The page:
Since Jesus conquered by dying for sin, the first step in our spiritual victory must always be to receive His saving work through faith alone. Before we do anything with or for Christ, we must be saved by His conquering work (1 John 1:8-9, 2:1-2). Having first been saved, only then are we to conquer in the example of Christ, ministering and serving not only as lions but also as lambs. The combination that we see in Jesus is possible in us only through the indwelling ministry of the Holy Spirit; it is in fact a sign of true spirituality for Christians to wield the Lion’s spiritual power in the gentleness and meekness of the Lamb. We are to be lions in spiritual strength and faithfulness and lambs in our manner of dealing with sinners and sin. To conquer as followers of Christ is to suffer for the gospel, placing the eternal well-being of others – even enemies – ahead of our own earthly good.
John rejoiced to see Jesus as the Lion who conquered as Lamb. Through faith in Him, Christians conquer in many ways. We repent of sin, we uphold biblical truth, and we witness and lead others to salvation. The power of the Lion upholds us through many trials. But we are most like Jesus when we conquer through the mercy and sacrificial love by which He took up the cross as the Lamb, forgiving those who sin against us and reaching out with grace for those who are lost. Surely it was especially for those who follow in the meek submission of the Lamb who was slain that Jesus promised: “The one who conquers, I will grant him to sit with me on my throne, as I also conquered and sat down with my Father on his throne” (Rev. 3:21).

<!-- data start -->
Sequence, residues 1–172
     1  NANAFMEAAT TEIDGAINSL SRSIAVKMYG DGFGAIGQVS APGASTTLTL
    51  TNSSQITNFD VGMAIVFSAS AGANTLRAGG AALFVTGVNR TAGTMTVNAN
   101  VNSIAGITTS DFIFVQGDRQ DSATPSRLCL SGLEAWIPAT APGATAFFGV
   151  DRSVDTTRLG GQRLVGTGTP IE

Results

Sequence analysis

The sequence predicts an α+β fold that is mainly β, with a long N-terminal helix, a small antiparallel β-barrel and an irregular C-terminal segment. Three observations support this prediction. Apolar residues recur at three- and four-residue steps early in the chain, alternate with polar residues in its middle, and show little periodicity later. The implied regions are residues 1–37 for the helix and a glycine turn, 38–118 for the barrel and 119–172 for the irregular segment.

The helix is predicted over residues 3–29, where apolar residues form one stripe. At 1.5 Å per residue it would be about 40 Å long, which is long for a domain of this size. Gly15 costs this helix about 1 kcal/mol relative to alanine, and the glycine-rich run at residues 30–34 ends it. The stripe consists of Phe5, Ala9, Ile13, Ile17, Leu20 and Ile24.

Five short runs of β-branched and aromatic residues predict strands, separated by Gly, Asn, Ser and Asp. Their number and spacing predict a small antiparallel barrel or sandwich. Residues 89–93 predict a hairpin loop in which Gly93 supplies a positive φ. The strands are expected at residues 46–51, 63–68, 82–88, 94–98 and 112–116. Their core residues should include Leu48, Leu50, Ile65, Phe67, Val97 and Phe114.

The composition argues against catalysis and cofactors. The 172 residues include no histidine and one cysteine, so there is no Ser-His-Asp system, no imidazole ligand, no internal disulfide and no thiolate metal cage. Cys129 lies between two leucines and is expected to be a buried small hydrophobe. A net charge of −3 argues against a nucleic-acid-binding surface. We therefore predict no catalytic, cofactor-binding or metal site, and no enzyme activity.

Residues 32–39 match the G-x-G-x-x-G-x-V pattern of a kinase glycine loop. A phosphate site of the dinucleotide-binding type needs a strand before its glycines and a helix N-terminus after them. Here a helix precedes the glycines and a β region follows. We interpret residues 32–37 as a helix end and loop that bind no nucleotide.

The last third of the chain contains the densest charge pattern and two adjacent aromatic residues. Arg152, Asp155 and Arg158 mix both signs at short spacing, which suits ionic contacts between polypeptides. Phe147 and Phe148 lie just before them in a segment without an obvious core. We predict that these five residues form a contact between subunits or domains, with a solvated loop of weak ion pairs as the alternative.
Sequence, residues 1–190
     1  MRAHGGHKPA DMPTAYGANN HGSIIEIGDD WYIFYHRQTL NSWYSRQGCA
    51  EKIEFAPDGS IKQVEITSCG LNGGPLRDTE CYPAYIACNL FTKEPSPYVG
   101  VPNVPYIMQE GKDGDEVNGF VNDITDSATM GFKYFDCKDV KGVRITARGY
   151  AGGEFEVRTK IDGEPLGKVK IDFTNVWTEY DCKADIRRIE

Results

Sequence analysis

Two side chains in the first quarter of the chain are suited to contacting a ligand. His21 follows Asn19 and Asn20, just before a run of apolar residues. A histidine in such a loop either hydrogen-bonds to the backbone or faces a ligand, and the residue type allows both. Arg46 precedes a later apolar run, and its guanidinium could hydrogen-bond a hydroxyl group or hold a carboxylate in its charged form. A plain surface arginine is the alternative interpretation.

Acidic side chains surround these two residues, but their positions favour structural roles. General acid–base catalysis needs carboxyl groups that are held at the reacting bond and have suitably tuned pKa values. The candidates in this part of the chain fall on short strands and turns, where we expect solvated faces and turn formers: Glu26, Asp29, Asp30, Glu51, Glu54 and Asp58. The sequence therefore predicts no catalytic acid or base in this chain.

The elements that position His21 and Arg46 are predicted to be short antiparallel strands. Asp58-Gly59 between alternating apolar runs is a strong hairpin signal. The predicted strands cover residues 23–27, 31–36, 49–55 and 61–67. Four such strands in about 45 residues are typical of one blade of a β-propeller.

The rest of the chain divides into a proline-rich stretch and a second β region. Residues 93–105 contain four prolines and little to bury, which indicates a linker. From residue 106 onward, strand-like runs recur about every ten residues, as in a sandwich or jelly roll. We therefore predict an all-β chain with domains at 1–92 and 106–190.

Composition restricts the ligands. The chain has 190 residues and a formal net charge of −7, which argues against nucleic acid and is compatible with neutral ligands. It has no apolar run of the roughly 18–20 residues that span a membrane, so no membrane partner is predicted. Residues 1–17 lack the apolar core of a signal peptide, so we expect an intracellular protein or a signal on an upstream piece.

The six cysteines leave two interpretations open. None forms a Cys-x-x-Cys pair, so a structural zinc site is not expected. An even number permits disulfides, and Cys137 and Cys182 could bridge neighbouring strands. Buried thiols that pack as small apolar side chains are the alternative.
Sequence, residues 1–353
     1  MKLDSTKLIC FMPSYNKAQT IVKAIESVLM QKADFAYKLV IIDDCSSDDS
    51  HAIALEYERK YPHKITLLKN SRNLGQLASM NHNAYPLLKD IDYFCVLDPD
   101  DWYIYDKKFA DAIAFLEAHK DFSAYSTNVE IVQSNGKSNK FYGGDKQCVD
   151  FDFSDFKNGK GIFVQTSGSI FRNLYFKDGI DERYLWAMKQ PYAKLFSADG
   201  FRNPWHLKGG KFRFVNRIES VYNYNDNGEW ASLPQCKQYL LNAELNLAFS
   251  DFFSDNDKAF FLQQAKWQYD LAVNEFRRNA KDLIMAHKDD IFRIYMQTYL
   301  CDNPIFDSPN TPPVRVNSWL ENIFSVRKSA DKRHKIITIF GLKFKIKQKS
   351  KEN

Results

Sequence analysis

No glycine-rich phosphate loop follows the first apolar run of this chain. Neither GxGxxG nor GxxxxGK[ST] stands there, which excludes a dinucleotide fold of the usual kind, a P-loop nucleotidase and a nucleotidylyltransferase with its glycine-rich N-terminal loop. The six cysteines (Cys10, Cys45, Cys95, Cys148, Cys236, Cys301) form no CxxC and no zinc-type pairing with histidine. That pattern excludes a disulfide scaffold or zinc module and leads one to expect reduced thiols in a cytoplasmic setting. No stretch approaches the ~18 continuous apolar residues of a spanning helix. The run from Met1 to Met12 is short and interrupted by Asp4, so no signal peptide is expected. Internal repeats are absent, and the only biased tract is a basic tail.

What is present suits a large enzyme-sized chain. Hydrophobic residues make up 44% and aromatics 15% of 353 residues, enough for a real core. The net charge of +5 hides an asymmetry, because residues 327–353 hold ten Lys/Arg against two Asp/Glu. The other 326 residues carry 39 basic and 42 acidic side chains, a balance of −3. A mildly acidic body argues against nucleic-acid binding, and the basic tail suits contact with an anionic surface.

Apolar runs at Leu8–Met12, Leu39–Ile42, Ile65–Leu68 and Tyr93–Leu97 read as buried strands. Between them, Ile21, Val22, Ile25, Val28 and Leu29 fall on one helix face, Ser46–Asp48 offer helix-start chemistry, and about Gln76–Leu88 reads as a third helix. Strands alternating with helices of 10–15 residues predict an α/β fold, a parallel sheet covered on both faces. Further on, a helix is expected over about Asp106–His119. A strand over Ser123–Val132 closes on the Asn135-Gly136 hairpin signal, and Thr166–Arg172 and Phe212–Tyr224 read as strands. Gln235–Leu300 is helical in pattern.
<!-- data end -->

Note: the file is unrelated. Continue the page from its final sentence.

Revelation 5:1-7 Study Questions:
What does John see in the right hand of the one sitting on the throne and how does he describe it (v. 1)?
We rightly guess that the scroll contains God’s secret plan to undo and overthrow the world-destroying projects that have already gained so much ground, and to plant and nurture instead the world-rescuing project which will get creation itself back on track in the right direction. What would it take for someone to be “worthy” to read such a proclamation?
Why does John burst into tears and weep bitterly (v. 4)?
How does John’s reaction resonate with us as we look around at our world?
In verses 5-6 we come to one of the most decisive moments in all Scripture. What John has heard is the announcement of the Lion. What he then sees is the Lamb. What are the differences between these two animals? What does each one symbolize?